WO2004102656A1 - Method of stress relief in semiconductor structures - Google Patents

Method of stress relief in semiconductor structures Download PDF

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Publication number
WO2004102656A1
WO2004102656A1 PCT/EP2004/050778 EP2004050778W WO2004102656A1 WO 2004102656 A1 WO2004102656 A1 WO 2004102656A1 EP 2004050778 W EP2004050778 W EP 2004050778W WO 2004102656 A1 WO2004102656 A1 WO 2004102656A1
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WO
WIPO (PCT)
Prior art keywords
via
defined
silk
method
providing
Prior art date
Application number
PCT/EP2004/050778
Other languages
French (fr)
Inventor
Andrew Cowley
Gerald Rudolf Friese
Matthias Hierlemann
Mark Hoinkis
Erdem Kaltalioglu
Dennis John Warner
Original Assignee
Infineon Technologies Ag
Priority date (The priority date is an assumption and is not a legal conclusion. Google has not performed a legal analysis and makes no representation as to the accuracy of the date listed.)
Filing date
Publication date
Priority to US10/439,874 priority Critical patent/US7368804B2/en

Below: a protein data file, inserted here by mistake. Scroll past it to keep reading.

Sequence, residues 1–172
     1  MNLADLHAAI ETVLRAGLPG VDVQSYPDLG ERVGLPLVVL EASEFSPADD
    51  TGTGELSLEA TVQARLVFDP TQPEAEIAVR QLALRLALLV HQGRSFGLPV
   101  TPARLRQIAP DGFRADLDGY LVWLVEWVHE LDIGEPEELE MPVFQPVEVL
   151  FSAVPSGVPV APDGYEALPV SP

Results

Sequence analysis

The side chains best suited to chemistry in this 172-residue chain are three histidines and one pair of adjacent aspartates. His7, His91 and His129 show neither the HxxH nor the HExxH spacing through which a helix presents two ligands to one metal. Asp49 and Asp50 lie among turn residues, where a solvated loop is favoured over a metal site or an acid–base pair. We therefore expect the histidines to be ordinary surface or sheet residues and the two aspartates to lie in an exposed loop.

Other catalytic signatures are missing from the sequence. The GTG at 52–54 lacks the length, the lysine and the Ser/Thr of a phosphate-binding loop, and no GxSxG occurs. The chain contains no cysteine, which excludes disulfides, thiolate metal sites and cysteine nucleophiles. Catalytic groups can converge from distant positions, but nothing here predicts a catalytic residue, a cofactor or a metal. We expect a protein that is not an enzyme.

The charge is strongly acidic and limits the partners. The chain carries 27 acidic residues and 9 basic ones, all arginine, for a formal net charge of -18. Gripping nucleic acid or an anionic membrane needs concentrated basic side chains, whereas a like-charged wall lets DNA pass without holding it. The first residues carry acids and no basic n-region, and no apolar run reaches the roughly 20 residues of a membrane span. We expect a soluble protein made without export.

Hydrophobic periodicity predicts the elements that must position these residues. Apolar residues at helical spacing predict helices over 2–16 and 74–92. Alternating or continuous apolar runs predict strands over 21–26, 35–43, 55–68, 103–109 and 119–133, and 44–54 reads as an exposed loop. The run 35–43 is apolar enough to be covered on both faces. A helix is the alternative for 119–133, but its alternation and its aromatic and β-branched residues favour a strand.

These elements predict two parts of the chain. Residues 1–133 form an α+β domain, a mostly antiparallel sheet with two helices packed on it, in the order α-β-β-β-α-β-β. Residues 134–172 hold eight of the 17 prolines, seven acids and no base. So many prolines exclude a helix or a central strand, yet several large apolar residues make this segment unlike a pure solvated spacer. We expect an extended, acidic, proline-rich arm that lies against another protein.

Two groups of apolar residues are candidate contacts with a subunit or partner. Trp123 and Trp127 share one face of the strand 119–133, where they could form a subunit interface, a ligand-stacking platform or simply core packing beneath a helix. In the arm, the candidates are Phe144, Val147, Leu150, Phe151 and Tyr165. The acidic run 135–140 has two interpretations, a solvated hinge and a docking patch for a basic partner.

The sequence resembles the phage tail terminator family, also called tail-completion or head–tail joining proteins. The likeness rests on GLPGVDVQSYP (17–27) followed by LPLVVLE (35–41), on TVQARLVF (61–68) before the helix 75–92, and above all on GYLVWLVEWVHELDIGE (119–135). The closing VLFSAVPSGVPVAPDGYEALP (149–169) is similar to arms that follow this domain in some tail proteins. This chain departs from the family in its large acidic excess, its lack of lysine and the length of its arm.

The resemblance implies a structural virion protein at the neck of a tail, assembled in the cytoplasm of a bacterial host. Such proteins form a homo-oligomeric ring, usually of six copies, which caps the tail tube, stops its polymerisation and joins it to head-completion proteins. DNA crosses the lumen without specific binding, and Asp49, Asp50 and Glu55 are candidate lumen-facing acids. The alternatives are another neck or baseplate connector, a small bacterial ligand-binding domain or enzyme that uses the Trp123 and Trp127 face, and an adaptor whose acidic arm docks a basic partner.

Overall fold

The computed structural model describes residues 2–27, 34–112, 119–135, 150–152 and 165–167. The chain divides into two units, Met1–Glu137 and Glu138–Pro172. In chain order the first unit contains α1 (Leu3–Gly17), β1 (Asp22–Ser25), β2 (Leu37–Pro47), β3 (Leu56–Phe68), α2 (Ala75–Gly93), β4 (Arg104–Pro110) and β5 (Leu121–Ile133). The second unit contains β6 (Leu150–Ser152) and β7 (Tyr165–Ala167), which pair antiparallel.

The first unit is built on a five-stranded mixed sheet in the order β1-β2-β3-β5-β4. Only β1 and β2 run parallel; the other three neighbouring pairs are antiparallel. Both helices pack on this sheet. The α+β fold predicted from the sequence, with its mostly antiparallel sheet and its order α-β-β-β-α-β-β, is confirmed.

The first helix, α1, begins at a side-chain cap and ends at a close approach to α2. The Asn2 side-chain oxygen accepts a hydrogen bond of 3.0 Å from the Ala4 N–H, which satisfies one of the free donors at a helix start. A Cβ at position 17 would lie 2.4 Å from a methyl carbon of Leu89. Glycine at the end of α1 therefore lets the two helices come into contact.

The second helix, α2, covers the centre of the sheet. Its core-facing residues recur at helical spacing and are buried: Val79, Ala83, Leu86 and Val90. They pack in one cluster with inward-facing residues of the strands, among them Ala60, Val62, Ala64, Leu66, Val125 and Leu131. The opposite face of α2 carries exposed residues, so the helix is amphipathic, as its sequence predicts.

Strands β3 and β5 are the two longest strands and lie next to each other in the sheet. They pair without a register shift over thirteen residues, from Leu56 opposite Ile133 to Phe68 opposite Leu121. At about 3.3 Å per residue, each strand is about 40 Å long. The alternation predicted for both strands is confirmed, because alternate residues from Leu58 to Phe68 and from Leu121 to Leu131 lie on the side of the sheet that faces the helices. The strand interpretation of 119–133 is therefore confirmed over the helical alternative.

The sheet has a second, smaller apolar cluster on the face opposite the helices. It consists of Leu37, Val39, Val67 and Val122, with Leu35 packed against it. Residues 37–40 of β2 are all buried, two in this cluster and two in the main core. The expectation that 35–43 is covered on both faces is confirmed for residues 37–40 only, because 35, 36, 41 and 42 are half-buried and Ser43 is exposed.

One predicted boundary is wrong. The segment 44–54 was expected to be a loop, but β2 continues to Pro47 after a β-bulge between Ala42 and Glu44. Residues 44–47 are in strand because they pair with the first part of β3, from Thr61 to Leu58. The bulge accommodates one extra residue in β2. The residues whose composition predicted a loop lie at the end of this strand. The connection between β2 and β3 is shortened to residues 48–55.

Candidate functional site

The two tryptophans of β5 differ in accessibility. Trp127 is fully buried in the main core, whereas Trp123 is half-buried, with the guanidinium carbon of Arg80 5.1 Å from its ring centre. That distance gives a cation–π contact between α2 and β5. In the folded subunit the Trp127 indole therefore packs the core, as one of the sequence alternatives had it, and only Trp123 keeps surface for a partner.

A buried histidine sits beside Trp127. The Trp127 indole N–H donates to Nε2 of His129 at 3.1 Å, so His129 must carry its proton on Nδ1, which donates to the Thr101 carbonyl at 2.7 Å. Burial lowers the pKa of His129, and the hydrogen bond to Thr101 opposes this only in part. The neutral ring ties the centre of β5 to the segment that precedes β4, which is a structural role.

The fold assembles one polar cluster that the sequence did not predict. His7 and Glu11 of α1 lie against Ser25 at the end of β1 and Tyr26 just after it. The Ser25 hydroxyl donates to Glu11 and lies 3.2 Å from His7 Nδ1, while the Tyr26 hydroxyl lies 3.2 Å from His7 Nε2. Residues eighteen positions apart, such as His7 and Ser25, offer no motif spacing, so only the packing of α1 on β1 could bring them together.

Priority to US10/439,874 priority
Application filed by Infineon Technologies Ag filed Critical Infineon Technologies Ag
Publication of WO2004102656A1 publication Critical patent/WO2004102656A1/en

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Classifications

    • HELECTRICITY
    • H01BASIC ELECTRIC ELEMENTS
    • H01LSEMICONDUCTOR DEVICES; ELECTRIC SOLID STATE DEVICES NOT OTHERWISE PROVIDED FOR
    • H01L23/00Details of semiconductor or other solid state devices
    • H01L23/52Arrangements for conducting electric current within the device in operation from one component to another, i.e. interconnections, e.g. wires, lead frames
    • H01L23/522Arrangements for conducting electric current within the device in operation from one component to another, i.e. interconnections, e.g. wires, lead frames including external interconnections consisting of a multilayer structure of conductive and insulating layers inseparably formed on the semiconductor body
    • H01L23/5226Via connections in a multilevel interconnection structure
    • HELECTRICITY
    • H01BASIC ELECTRIC ELEMENTS
    • H01LSEMICONDUCTOR DEVICES; ELECTRIC SOLID STATE DEVICES NOT OTHERWISE PROVIDED FOR
    • H01L2924/00Indexing scheme for arrangements or methods for connecting or disconnecting semiconductor or solid-state bodies as covered by H01L24/00
    • H01L2924/0001Technical content checked by a classifier
    • H01L2924/0002Not covered by any one of groups H01L24/00, H01L24/00 and H01L2224/00
    • HELECTRICITY
    • H01BASIC ELECTRIC ELEMENTS
    • H01LSEMICONDUCTOR DEVICES; ELECTRIC SOLID STATE DEVICES NOT OTHERWISE PROVIDED FOR
    • H01L2924/00Indexing scheme for arrangements or methods for connecting or disconnecting semiconductor or solid-state bodies as covered by H01L24/00